Posts Tagged ‘ Hurricane Preparedness ’
Hurricane Preparedness for Insurance Agents
Now that hurricane season is underway, you’ve probably taken steps within your home to ensure you’re prepared in the event of an emergency. And you may have sent some information out to your clients. But what about your “home away from home” – your business? While forecasters have predicted a quieter than normal hurricane season in 2015, it’s always important to be ready with a plan in case disaster strikes. In regards to your business, it can mean the difference between staying open to service the needs of your customers or shutting down for a few days.
Here are 6 steps you can take to make sure your business needs are covered in the event of a hurricane:
- Ensure there is a plan for your employees and the plan is communicated effectively. An evacuation plan should be in place and each employee should know exactly what he/she needs to do in the event of an emergency. During evacuation, have a central point of contact for all employees and make sure you know where they are located. Also, create an employee list, including contact numbers for home, cell, email address, and emergency contact information, so you can check on their well-being and communicate next steps.
- Create and maintain lists of pertinent information. Lists are a quick way to have all vital information at your disposal. An emergency outside contact list should include name and phone numbers for fire, police, hospitals, internet provider, building and landlord, etc. Information should be updated at least twice a year and stored outside the office in a secure, accessible location
- Make sure client information is quickly attainable. It’s vital to have a list of insureds and their policies at the ready. A list of insurance carriers and claims department numbers is also helpful to provide clients. All vital records and data should be secured and backed up and a disaster recovery plan for computer systems should be in place. Similar to your home, it’s important to assess your office both inside and outside for safety hazards that can cause increased damage to your business. Sprinklers, smoke detectors, security systems, and generators should all be inspected. In addition, an inventory of your business should be taken prior to a hurricane to make your own claims process faster and easier. Assembling supplies for emergency crews, as well as repairs is also helpful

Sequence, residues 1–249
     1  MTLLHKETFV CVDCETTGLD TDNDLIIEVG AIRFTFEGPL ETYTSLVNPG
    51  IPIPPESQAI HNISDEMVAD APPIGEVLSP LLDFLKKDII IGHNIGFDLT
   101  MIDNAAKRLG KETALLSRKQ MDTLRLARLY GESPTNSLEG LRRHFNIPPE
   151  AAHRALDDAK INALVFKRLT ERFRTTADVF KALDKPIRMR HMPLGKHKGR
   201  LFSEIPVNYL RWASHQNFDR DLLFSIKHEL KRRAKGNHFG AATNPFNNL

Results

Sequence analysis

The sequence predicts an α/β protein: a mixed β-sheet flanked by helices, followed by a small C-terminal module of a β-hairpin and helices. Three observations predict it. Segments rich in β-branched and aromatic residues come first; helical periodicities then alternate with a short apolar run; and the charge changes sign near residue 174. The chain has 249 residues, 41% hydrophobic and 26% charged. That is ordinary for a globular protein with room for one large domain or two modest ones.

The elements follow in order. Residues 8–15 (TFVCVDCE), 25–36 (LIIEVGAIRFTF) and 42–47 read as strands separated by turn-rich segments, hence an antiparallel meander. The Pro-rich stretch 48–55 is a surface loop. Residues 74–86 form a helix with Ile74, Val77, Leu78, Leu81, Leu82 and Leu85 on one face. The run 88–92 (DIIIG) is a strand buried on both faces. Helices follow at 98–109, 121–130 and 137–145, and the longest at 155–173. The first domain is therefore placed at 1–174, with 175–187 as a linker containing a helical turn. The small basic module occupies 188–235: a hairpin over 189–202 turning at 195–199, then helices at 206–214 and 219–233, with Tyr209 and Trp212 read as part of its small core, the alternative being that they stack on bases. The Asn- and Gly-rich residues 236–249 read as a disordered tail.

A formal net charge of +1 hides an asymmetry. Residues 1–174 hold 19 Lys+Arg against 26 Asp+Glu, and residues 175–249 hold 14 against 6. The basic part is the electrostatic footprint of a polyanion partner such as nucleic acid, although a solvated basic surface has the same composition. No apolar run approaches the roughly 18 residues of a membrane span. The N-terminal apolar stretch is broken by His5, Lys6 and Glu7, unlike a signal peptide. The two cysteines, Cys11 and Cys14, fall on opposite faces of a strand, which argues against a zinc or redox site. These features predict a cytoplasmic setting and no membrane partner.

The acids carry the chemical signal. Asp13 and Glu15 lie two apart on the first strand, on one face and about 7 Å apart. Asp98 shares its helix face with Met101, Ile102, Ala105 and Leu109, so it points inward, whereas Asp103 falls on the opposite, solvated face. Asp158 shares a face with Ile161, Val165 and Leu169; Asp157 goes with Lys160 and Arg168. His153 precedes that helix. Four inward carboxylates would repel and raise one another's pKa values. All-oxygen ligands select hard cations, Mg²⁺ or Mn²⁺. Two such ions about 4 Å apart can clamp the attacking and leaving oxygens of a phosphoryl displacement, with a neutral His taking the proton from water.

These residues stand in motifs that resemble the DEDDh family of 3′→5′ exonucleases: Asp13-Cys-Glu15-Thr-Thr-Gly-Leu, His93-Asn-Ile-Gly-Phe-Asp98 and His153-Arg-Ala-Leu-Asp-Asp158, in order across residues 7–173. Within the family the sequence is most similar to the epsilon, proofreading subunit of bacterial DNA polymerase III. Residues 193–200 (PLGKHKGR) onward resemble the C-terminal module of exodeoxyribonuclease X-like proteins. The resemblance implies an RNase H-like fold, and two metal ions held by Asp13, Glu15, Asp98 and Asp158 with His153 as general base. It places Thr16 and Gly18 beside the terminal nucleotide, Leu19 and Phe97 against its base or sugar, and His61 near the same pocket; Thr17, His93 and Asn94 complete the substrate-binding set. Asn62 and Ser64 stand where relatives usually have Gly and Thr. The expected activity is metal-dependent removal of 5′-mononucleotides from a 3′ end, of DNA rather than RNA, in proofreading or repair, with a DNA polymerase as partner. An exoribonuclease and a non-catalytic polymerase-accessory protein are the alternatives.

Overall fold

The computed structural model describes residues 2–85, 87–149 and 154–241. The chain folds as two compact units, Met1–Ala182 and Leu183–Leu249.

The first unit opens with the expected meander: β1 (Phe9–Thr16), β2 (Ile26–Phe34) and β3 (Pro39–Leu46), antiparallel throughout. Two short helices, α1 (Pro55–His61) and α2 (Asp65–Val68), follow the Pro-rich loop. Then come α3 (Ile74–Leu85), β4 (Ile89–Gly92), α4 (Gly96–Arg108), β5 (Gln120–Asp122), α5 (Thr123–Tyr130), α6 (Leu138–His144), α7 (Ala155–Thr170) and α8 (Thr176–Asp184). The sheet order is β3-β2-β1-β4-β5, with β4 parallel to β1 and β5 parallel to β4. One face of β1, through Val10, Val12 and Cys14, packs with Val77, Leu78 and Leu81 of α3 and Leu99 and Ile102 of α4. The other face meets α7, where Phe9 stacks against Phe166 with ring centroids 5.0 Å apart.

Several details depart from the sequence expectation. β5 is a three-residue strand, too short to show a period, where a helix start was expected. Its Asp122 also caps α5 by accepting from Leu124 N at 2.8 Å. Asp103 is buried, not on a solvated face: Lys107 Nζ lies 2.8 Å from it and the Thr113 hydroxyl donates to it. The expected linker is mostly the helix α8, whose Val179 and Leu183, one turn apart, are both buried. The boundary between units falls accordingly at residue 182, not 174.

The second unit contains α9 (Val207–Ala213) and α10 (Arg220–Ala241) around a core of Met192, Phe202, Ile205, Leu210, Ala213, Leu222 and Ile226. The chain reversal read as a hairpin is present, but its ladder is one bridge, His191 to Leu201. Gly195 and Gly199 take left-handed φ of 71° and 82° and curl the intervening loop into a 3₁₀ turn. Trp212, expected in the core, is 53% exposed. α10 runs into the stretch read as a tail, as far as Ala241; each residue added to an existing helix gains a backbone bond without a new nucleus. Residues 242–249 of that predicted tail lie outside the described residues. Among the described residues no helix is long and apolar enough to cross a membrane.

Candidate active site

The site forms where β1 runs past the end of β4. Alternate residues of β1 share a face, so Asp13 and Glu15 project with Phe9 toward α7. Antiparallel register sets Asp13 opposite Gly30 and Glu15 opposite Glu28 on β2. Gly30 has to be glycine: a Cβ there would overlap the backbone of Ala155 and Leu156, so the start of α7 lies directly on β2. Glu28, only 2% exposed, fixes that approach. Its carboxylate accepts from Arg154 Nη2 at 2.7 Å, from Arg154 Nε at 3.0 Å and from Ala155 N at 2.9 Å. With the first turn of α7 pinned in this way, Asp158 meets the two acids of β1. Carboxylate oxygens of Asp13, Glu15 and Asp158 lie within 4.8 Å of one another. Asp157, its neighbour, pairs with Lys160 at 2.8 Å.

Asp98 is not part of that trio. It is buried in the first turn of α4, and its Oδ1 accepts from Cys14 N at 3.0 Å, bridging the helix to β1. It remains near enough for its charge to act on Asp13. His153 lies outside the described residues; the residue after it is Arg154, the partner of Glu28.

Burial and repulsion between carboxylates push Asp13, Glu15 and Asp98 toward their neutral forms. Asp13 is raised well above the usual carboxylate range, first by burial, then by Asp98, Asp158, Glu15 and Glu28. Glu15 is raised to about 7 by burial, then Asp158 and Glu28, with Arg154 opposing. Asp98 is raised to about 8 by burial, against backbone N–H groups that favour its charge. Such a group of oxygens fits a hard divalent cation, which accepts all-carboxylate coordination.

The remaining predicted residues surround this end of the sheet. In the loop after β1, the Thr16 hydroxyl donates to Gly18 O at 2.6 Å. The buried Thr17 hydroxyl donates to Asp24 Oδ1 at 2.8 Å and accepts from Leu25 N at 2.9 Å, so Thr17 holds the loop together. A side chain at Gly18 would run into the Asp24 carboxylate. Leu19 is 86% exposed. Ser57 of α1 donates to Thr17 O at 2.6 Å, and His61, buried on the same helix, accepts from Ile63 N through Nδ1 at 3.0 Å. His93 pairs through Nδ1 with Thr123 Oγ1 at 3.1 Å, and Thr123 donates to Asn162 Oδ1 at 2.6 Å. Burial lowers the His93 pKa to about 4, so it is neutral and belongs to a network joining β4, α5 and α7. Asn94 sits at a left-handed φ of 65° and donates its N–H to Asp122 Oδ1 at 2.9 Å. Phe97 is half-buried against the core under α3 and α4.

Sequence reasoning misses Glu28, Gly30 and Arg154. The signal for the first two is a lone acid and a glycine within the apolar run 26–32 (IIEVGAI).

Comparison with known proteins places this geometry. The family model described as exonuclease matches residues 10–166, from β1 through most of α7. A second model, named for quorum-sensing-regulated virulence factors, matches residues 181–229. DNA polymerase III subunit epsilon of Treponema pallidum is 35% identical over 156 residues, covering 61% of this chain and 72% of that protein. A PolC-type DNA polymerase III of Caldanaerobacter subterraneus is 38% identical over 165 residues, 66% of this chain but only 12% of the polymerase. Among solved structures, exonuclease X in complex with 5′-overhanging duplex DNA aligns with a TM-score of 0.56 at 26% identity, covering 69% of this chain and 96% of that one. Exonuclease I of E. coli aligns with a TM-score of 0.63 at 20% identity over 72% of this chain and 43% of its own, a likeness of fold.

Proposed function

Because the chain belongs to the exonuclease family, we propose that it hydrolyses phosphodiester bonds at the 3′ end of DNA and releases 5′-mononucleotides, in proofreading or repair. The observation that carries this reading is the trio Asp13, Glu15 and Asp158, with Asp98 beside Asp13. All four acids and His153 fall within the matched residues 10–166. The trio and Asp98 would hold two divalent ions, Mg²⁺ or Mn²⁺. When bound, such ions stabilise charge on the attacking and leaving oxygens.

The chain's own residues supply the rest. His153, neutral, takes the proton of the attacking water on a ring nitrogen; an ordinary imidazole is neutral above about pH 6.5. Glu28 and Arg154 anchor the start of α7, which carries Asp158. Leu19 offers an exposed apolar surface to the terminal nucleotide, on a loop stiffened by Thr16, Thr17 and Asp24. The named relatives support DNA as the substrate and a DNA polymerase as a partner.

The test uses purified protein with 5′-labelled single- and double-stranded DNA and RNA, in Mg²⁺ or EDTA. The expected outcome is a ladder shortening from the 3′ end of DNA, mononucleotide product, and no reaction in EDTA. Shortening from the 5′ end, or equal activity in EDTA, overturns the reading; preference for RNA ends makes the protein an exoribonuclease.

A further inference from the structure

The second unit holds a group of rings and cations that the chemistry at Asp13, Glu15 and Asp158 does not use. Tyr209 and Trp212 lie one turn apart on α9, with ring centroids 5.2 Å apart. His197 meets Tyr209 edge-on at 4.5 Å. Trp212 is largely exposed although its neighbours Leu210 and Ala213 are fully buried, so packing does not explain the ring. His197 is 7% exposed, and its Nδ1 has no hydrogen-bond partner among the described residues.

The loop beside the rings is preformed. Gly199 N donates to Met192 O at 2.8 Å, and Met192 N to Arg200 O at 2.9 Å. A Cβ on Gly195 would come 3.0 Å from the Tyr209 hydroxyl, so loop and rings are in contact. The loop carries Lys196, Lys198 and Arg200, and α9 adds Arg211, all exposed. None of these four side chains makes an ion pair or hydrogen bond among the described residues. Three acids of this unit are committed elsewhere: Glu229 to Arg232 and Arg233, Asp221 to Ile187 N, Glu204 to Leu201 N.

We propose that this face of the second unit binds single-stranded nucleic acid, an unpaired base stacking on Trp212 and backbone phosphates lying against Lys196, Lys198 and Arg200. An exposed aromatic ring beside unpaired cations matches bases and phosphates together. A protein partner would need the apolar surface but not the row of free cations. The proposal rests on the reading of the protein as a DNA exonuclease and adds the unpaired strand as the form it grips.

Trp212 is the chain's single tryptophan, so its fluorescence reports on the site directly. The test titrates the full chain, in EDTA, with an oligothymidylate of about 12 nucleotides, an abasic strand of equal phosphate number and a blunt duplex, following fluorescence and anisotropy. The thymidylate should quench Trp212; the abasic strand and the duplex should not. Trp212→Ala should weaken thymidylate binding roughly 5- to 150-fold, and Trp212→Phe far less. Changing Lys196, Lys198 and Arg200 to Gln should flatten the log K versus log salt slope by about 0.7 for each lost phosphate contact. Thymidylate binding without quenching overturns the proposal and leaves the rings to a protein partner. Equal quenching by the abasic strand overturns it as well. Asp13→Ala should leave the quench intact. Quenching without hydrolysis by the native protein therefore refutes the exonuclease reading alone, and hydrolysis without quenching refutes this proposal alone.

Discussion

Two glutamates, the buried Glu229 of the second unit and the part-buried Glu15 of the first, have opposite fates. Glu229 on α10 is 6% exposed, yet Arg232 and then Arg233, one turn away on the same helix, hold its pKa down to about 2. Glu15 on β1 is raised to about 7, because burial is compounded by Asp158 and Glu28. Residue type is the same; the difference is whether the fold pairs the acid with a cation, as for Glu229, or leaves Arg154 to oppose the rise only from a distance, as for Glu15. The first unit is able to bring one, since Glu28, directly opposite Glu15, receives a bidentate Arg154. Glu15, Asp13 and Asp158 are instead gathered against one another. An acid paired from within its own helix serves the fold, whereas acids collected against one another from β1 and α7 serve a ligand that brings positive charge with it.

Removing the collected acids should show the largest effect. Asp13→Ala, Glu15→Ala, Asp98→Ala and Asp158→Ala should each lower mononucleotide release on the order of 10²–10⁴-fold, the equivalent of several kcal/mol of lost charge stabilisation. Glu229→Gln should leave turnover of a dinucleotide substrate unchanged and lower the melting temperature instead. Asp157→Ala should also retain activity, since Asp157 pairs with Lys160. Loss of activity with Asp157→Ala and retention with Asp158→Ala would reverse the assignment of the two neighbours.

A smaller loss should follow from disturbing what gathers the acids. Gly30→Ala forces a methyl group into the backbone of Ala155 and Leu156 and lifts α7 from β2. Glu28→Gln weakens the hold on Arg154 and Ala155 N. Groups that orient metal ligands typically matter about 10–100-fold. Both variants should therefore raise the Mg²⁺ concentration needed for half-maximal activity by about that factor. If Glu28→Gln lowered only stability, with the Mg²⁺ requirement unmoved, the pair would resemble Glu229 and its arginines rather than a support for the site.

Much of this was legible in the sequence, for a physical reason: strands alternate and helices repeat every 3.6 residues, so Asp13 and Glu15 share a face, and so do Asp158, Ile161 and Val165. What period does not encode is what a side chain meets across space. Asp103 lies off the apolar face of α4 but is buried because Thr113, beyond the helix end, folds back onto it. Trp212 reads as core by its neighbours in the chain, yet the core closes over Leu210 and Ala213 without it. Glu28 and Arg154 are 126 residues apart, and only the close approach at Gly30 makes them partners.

- Take any necessary steps to hurricane-proof your business. Similar to your home, it’s important to assess your office both inside and outside for safety hazards that can cause increased damage to your business. Sprinklers, smoke detectors, security systems, and generators should all be inspected. In addition, an inventory of your business should be taken prior to a hurricane to make your own claims process faster and easier. Assembling supplies for emergency crews, as well as repairs is also helpful.
- Identify an alternative business site after the storm. If necessary, you may need to move your business to another location for a while. Make sure this site is ready with the necessary equipment to continue operation.
- Be proactive with your clients before the hurricane. It’s important to communicate with your clients and make sure they’re ready. This includes providing information about the claims process, such as listing damages, reminders to take photos, and claims numbers. They should also know the best way to reach you. Creating information in a centralized area on your website offers clients a quick and easy reference.
Being prepared at work, as well as at home, will help you address concerns during the aftermath.
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The Atlantic hurricane season is about to enter the most active phase as conditions for powerful storms improve across the basin. According to the National Hurricane Center in Miami, the Atlantic season begins on June 1 and the most active portion falls between Aug. 20 and October. Sept. 10 and is the statistical peak of the period. Now is the time to review your homeowners insurance and discuss coverage options with your agent.
What is covered?
Most standard storm insurance policies cover storm damage – except from flooding. For protection against rising water, you will need flood insurance. Most policies are provided by the federal National Flood Insurance program. In some coastal regions, home insurance policies exclude damage from wind and hail, so a separate windstorm policy may be vital.
Contact your local agent for assistance; if you do not have an Access Home Insurance Company insurance policy, go to Find an Agent on the Access Home Insurance Company website to find an agent near you.
Having an emergency response plan, storm kit with a NOAA weather radio, flashlight, batteries, and first-aid items, and a copy of your insurance plan are essential. For a more comprehensive list and information on what to do just before a storm and after a storm, go to How to Prepare for a Hurricane and download a free hurricane checklist.
Source: *Insurance Journal; August 14, 2013
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